From elementary school to English 101 in college, we’re taught certain rules for language and writing. Prescriptive grammar describes how language should be used. These “proper” grammar rules are learned in English classes and delineated in style guides and textbooks. Descriptive grammar, by contrast, describes how language is actually used. Often, lexicographers and dictionaries are the greatest sources of documenting how language is used over time. To the chagrin of some strict teachers, grammar rules are evolving — or even becoming outdated. Let’s be descriptive and take a closer look at the grammar rules that have become more flexible, or even been dropped, over time.
1. Using a Singular “They”
Outdated: Someone left his or her wallet on the counter.
Now acceptable: Someone left their wallet on the counter.
“They” (and by extension “them” and ”their”) is gaining momentum as a singular pronoun for two main reasons: gender inclusivity and grammatical simplicity. But usage of a singular “they” isn’t new. It’s been used this way since at least the 15th century in academic and casual writing — there are examples in the King James Bible (“In lowliness of mind let each esteem others better than themselves.” — Philippians 2:3) and from Shakespeare (“God send everyone their heart’s desire.” — Much Ado About Nothing).
No one batted an eye at this usage — that is, until some 18th-century grammarists began rejecting the term. They decreed that a traditionally plural pronoun cannot be matched with a singular antecedent. For many years, “they” was banished from use in a singular sense. Fast-forward several decades, and it’s now a 21st-century buzzword. “They” had a big year in 2019, when Merriam-Webster declared it the Word of the Year, and now most major style guides accept the singular “they.”
2. Using “None” With a Plural Verb
Outdated: None of them is mine.
Now acceptable: None of them are mine.
Strict grammarians may insist that “none” is singular, but “none” can be singular or plural, depending on the context. “None” means “not one (of something)” and is most often used as a pronoun to mean “no one,” “not any,” or “no part” (though it also can be used as an adverb, as in, “I was none the wiser…”). Because of its many uses, it can take on a singular or plural connotation. In singular form, it can look like, “None of the cake was eaten.” “Cake” is singular, so the singular verb “was” can be used alongside “none.” Conversely, “None of the cookies were eaten,” is also correct, because “cookies” is plural, so the plural verb “were” is used.
3. Ending a Sentence With “With” (Or Any Preposition)
Outdated: I don’t have anything with which to write.
Now acceptable: I don’t have anything to write with.
“This is the sort of bloody nonsense up with which I will not put.” The former British Prime Minister Winston Churchill is often credited with that jumbled remark as a strike against the “no prepositions at the end of a sentence” rule, but historians can’t trace it definitively.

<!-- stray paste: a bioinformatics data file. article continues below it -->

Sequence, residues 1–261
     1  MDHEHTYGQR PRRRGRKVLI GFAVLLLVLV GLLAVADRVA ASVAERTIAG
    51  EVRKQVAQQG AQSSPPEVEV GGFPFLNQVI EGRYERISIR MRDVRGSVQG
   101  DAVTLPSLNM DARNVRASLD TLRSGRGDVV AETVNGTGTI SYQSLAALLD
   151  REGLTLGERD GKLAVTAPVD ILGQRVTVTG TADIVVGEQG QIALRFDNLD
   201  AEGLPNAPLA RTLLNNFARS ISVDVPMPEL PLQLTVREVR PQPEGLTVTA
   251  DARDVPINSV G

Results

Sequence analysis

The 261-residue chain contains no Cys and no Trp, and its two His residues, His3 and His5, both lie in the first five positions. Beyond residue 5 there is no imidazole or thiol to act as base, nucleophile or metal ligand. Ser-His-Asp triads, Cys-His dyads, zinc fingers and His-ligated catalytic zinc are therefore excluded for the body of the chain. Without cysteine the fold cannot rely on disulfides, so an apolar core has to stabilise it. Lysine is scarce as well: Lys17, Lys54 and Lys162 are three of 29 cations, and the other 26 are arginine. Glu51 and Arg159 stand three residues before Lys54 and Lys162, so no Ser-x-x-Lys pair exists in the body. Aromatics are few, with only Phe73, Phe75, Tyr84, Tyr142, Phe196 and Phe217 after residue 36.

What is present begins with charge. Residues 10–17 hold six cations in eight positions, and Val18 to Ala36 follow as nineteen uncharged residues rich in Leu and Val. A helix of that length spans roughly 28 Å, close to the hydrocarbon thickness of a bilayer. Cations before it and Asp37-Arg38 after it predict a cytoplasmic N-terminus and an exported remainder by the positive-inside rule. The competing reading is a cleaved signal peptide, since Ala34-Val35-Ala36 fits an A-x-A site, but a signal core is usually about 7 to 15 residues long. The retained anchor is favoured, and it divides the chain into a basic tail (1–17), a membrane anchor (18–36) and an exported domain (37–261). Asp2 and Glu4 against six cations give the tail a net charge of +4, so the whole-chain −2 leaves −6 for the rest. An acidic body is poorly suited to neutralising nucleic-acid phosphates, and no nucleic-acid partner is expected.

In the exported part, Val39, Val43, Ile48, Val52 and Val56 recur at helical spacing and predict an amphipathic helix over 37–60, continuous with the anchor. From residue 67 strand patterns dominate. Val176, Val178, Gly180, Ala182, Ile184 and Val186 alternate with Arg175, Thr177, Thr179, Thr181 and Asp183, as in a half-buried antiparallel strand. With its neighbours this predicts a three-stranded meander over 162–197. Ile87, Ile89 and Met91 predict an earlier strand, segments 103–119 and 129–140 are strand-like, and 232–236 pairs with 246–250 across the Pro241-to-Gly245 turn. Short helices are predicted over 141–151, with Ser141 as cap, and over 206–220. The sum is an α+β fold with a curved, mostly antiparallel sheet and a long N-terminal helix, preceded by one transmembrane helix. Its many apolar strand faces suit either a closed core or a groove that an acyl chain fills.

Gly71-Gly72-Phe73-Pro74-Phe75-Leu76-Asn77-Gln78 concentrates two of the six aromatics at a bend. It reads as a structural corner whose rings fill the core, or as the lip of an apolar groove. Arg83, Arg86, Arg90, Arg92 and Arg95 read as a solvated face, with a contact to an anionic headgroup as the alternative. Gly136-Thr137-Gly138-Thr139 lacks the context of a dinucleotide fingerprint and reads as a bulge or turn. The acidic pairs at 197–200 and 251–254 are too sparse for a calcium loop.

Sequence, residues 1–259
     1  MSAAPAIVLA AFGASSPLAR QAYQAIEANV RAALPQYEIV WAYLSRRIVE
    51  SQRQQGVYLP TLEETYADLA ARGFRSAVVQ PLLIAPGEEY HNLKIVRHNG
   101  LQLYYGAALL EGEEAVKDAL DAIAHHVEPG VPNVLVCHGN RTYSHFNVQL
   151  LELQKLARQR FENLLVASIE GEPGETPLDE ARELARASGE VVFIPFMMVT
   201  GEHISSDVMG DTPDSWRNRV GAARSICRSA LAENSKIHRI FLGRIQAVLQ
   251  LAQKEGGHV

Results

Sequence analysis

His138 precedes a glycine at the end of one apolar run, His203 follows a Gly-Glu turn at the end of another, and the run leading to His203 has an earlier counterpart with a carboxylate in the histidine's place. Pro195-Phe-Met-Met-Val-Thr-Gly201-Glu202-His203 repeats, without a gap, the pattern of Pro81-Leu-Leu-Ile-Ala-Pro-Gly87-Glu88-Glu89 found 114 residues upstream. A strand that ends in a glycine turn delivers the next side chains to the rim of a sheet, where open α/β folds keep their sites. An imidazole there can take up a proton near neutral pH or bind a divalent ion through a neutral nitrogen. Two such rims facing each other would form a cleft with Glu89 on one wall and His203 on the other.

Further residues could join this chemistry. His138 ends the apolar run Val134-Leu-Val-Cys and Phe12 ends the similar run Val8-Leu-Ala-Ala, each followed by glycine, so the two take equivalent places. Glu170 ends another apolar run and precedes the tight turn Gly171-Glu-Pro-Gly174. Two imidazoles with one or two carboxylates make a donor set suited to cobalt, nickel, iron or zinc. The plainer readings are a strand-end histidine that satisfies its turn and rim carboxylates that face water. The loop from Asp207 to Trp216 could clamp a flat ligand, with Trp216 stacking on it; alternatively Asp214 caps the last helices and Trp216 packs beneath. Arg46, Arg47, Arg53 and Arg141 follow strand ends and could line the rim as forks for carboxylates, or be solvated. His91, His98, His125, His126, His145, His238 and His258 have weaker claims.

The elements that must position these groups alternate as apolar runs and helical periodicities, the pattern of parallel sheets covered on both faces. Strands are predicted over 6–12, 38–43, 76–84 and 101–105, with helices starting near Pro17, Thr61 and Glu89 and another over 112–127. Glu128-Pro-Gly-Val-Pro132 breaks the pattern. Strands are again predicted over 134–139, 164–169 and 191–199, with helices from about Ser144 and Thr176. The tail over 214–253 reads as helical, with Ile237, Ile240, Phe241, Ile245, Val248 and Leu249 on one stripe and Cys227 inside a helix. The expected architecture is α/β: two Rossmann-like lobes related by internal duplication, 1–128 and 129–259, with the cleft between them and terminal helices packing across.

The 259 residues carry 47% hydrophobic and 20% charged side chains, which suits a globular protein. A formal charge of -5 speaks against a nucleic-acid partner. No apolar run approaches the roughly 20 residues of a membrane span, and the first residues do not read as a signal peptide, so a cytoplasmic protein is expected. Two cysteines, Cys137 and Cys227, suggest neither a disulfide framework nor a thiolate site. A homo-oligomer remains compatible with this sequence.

In any case, the example serves as an interesting anecdote in grammar history. For centuries, finishing a sentence with a preposition such as “with,” “of,” “to,” “at,” “for,” “by,” “on,” or “in” was a grammatical sin. A possible source of this rule points to 17th-century poet John Dryden, who lectured fellow poet Ben Jonson on the matter, stating, “The preposition in the end of the sentence; a common fault with him.” Apologies to Dryden, but ending a sentence with a preposition is now completely acceptable, especially if it makes the sentence easier to understand. If you do need a rule to follow, avoid dangling prepositions. For example, “Where are you going to?” is incorrect. The preposition “to” should be dropped, and the correct version is, “Where are you going?”
4. Starting a Sentence With “But” (Or Any Conjunction)
Outdated: Sally believed he was telling the truth, but this was not the case.
Now acceptable: Sally believed he was telling the truth. But this was not the case.
Conjunctions, including “for,” “and,” “nor,” “but,” “or,” “yet,” and “so,” are controversial. Using them at the beginning of a sentence is often seen as a major faux pas. But it has been common practice for centuries, as seen in Shakespearean and biblical writing. Respected authors also employ this stylistic choice for dramatic effect, including F. Scott Fitzgerald in The Great Gatsby: “So we beat on, boats against the current, borne back ceaselessly into the past.”
Starting a sentence with a conjunction allows the audience to pause between thoughts. It can be especially powerful when emphasis is needed, but the effect should be used sparingly.
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